07 Jan The Flat White: A Better Kind of Latte
With Starbucks’ announcement to add Flat Whites to their menu, it’s safe to say they are now in the mainstream, but what is it?
From the looks, the Flat White is latte without the art; but like all coffee drinks, there are some small differences:
Size: A latte can be vary in sizes, flat whites are typically 8oz. They can be made larger, but the idea is to have a 1:3 ratio so the coffee does most of the talking.
Espresso: Flat whites are made with two ristretto shots of espresso. Also called a “short shot,” ristretto espresso is a shot of coffee without the final bitter drops.
Milk: Flat whites are made with milk that has been steamed, but not aerated, creating small bubbles, a sweet rich taste and a velvetine texture. When milk is steamed past 170 degrees, it loses much of its flavor in favor of volume. Also, the milk is free-poured into the espresso, combining the two instead of keeping a foam layer on top of the milk like in a latte.
The flavor of a Flat White is similar a concentrated latte; creamier, stronger, and slightly sweeter.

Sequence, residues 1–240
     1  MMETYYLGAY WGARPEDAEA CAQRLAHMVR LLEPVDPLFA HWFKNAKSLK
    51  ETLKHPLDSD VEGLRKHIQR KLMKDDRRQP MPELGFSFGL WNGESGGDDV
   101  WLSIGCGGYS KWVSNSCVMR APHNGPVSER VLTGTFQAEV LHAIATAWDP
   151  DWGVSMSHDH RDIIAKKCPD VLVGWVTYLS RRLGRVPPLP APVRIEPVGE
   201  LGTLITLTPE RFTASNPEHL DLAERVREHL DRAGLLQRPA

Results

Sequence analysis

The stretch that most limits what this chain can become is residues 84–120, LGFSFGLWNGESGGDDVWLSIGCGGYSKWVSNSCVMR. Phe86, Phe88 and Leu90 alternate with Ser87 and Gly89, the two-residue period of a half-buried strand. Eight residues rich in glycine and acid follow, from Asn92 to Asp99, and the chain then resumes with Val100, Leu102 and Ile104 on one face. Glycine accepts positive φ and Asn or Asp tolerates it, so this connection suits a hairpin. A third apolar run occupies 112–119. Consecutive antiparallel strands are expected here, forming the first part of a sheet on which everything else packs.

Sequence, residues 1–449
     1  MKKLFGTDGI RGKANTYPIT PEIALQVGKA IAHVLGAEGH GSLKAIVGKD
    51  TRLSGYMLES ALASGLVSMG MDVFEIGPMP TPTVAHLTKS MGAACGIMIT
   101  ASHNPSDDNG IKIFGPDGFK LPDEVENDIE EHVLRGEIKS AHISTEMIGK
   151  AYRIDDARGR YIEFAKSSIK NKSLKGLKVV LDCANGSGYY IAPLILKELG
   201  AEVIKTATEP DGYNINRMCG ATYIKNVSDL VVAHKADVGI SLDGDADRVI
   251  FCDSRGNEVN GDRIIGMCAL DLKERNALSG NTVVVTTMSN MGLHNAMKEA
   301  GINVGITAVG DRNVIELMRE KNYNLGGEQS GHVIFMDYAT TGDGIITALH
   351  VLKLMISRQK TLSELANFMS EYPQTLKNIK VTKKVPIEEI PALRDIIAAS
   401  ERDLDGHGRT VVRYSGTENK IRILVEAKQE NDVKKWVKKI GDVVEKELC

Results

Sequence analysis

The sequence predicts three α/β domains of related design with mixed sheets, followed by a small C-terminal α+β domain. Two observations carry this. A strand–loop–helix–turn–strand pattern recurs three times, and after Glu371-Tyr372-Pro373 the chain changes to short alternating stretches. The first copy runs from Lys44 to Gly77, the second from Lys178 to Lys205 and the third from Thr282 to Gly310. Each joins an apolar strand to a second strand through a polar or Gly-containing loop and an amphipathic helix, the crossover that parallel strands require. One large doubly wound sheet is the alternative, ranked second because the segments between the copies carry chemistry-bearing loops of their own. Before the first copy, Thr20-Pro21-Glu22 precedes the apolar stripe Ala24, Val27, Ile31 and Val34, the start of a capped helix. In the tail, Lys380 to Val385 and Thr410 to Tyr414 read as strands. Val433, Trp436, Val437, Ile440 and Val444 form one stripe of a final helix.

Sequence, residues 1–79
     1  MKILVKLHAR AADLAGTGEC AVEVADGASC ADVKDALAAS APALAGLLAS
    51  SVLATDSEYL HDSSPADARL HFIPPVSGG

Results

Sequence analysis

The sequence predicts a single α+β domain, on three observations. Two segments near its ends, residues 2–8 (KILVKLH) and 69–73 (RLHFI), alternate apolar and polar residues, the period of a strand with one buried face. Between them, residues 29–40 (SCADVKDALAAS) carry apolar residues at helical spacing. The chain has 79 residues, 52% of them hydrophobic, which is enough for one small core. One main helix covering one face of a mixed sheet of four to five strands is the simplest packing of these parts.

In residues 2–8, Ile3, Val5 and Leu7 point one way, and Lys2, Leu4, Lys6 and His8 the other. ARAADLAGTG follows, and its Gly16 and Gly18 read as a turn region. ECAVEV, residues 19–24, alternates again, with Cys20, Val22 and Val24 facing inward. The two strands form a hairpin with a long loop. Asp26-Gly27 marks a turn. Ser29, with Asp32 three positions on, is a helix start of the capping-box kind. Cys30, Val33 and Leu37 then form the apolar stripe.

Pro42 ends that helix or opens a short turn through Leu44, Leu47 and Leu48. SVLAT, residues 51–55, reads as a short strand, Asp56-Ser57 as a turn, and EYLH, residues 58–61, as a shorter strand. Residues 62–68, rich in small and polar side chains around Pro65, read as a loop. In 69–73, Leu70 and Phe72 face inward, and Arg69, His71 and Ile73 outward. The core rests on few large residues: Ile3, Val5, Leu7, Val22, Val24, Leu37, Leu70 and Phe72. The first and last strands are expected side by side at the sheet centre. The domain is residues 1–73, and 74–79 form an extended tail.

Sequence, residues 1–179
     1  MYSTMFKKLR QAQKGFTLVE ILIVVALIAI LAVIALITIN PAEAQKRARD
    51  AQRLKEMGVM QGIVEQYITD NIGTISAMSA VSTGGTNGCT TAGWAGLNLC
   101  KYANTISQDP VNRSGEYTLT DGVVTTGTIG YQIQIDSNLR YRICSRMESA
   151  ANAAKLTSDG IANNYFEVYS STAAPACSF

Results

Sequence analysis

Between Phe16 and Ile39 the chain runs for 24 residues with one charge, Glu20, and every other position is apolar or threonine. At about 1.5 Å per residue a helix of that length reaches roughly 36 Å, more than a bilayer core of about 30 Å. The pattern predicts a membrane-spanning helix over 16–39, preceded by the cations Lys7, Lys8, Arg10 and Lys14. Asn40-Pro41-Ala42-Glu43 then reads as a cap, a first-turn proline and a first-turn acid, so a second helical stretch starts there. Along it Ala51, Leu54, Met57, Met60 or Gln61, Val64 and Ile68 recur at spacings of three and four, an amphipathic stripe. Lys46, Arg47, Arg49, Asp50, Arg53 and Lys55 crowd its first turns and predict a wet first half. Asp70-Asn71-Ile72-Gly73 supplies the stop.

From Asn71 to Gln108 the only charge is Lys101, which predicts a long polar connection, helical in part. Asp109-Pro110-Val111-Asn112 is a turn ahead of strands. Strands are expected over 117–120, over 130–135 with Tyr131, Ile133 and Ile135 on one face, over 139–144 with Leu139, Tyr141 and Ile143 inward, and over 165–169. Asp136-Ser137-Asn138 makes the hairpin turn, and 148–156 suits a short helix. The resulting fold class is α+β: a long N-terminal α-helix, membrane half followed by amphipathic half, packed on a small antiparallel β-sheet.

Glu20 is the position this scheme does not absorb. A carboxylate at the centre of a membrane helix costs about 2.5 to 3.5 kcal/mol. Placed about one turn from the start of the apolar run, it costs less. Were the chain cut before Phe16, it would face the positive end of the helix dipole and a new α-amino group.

While the Flat White doesn’t do anything radically new, it reflects the difference between two coffee cultures. The Flat White comes from the land of no-nonsense coffee: Australia. With names like ‘short black’ (espresso) and ‘long black’ (americano), the flat white perfectly represents the Australian coffee culture built from quick espresso-based drinks. Simplicity is favored and modified instead of the elaborate sugar syrup saturated drinks that were popularized by Starbucks.
Why is it getting popular? The drink falls perfectly into line with the current trend of third wave coffee shops. Before Starbucks added the item to their menu the drink had been popping up around the US and rest of the world so get a Flat White and celebrate the un-sugared simplicity of change.